Claimant-respondent's application for counsel fees has previously been decided by this Court adversely to that applicant, upon return of its notice for taxation of costs. The record presently before me is silent respecting any discussion of such an application when the case was before the Supreme Court. The instant application is in the nature of a petition for rehearing upon the issue of the right to counsel fees as part of the costs taxed in favor of the claimant-respondent. The allowance of a counsel fee at this stage of the litigation would necessarily involve a revision and modification of the judgment which was affirmed and reinstated by the Supreme Court. For the reasons previously stated, I am of the opinion that I am without jurisdiction to so modify the judgment in this case. See Kansas City Southern Railway Co. v. Guardian Trust Co., 1930, 281 U.S. 1, 11, 50 S. Ct. 194, 74 L. Ed. 659. Sprague v. Ticonic National Bank, 1939, 307 U.S. 161, 59 S. Ct. 777, 780, 83 L. Ed. 1184, relied upon by claimant-respondent on its instant application is not only distinguishable factually from the situation presently confronting us, but indeed expresses the general rule that allowances for counsel fees 'are appropriate only in exceptional cases and for dominating reasons of justice.' Kemart Corp. v. Printing Arts Research Laboratories, Inc., 9 Cir., 1956, 232 F.2d 897, 57 A.L.R.2d 1234, also relied upon by claimant-respondent, presents no precedent for the relief here sought. A/S J. Ludwig Mowinckels Rederi v. Commercial Stevedoring Co., Inc., 2 Cir., 1958, 256 F.2d 227, certiorari dismissed 358 U.S. 801, 79 S. Ct. 9, 3 L. Ed. 2d 49, and Shannon v. United States, 2 Cir., 1956, 235 F.2d 457, involved indemnity agreements expressly undertaking reimbursement for counsel fees as between vessel owners and stevedores. Neither of these cases, nor that of Frommeyer v. L. & R. Construction Co., Inc., 3 Cir., 1958, 261 F.2d 879, cited by claimant-respondent, suffices to persuade me that the instant motion of claimant-respondent should be granted. It is therefore denied.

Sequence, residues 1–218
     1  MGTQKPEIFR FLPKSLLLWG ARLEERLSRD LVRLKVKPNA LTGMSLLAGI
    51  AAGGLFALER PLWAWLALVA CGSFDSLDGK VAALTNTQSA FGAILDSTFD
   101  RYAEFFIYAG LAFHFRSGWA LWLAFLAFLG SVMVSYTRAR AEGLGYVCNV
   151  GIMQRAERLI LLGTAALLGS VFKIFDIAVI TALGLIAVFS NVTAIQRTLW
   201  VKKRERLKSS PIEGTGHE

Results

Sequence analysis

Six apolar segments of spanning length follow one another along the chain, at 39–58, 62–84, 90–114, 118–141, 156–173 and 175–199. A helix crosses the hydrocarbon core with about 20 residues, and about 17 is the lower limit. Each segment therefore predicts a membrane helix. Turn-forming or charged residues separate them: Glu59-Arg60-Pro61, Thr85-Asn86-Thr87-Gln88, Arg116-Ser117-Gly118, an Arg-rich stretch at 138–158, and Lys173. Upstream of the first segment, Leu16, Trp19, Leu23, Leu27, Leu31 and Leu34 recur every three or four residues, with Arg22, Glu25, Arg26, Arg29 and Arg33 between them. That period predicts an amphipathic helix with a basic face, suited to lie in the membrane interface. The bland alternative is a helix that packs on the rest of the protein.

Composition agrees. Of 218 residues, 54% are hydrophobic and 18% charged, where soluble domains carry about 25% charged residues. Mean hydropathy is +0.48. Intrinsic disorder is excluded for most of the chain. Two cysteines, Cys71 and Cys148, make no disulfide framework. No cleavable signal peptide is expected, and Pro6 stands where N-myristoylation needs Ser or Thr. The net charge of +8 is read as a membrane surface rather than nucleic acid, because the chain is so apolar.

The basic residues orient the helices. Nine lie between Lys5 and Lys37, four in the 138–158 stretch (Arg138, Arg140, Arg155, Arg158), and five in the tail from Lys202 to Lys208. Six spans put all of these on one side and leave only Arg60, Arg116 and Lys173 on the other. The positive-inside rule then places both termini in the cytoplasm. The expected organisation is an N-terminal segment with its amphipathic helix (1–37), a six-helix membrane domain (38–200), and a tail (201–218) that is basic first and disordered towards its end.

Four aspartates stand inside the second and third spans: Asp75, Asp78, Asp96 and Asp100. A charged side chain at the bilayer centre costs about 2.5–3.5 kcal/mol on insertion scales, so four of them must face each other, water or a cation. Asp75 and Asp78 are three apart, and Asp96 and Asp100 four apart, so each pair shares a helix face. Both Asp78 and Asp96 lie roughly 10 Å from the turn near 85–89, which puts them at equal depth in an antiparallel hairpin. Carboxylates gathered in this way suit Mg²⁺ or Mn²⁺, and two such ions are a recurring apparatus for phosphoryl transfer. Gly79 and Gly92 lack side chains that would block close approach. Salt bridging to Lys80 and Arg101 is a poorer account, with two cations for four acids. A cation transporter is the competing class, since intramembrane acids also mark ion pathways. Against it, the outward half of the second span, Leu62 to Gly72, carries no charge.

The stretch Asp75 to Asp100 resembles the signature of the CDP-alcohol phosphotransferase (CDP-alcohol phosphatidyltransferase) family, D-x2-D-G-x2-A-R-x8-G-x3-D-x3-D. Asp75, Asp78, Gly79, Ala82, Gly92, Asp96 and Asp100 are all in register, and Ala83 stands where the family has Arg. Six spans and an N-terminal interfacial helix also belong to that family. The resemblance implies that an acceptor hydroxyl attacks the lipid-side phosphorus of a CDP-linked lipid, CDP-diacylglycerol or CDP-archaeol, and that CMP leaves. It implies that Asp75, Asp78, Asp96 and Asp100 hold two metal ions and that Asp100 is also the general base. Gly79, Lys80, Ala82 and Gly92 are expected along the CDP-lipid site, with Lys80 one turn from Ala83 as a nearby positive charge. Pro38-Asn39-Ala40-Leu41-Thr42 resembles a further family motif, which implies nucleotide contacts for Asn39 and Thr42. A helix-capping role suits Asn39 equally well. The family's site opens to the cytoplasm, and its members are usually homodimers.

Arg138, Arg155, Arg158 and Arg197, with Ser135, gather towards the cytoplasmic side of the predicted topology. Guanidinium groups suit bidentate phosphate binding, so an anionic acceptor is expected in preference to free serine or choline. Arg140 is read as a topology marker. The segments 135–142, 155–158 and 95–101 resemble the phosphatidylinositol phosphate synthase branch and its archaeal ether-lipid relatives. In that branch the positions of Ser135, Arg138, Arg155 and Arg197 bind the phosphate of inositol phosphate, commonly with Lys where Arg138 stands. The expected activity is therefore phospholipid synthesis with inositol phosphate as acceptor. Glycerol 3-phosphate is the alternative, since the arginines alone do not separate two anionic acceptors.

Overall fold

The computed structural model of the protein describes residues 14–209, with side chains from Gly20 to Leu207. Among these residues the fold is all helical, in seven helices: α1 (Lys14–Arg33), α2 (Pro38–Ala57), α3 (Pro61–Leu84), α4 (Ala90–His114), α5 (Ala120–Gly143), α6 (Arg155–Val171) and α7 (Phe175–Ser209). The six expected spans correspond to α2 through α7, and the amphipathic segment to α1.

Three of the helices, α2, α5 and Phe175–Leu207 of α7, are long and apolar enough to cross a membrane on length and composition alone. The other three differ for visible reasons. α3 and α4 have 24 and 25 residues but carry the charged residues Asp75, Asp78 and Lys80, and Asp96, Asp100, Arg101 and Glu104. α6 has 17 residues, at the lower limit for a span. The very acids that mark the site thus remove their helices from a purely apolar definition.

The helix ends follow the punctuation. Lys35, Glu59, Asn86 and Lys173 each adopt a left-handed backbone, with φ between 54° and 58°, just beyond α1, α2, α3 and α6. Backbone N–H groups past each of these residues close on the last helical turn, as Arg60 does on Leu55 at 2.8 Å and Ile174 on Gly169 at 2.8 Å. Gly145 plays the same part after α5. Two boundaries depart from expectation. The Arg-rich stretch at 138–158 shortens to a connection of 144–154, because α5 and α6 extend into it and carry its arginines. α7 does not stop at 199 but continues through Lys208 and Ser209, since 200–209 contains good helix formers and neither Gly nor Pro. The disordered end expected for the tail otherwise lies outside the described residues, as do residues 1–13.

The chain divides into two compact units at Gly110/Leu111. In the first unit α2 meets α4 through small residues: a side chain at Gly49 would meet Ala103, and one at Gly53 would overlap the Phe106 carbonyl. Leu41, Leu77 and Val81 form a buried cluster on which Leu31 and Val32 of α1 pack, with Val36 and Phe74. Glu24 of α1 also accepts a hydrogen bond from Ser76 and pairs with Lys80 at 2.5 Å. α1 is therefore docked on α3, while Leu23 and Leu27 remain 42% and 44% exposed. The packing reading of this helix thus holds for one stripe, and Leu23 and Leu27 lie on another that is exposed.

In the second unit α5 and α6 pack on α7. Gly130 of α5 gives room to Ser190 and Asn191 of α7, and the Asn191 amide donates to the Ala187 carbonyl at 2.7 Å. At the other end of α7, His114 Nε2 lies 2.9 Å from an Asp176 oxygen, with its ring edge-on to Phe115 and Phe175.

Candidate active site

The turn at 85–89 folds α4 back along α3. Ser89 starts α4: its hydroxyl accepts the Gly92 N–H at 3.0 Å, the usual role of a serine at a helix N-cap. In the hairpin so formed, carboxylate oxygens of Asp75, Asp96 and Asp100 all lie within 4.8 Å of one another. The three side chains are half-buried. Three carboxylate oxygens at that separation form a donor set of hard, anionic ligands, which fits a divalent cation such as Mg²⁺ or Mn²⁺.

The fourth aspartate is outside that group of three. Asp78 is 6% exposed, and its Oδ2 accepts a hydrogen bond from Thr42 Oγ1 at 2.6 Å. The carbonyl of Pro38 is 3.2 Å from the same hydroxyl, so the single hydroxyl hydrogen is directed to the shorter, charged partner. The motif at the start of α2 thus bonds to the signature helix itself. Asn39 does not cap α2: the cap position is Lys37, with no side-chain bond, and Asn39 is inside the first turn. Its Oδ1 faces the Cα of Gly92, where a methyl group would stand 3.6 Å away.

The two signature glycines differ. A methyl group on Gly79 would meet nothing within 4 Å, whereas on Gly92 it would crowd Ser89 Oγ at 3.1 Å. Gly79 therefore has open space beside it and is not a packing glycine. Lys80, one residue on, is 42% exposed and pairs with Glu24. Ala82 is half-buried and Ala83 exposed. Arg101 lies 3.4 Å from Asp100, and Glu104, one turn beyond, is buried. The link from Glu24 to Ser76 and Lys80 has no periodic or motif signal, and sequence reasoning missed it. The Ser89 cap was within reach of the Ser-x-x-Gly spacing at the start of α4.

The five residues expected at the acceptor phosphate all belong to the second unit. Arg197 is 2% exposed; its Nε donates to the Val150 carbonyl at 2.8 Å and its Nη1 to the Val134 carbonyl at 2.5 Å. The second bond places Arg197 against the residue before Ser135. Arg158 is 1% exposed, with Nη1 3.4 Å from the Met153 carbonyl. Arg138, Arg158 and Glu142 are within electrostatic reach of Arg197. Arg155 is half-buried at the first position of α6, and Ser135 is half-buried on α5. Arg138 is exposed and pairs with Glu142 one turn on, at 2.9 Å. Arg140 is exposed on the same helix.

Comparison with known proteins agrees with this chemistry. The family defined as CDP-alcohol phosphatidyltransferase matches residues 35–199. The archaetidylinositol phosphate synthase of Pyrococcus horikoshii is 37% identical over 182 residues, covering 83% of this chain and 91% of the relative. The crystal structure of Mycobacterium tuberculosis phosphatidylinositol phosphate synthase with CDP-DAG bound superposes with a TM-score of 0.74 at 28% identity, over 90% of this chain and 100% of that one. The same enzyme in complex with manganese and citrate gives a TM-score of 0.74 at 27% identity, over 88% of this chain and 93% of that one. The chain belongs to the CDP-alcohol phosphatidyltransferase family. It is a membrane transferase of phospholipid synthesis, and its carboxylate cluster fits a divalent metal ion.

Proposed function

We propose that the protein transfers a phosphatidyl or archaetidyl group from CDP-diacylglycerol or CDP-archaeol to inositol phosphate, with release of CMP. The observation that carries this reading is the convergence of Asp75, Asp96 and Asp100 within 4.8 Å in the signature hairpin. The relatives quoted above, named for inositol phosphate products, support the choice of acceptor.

Appropriate orders in conformity with the views hereinabove expressed may be presented.

19590921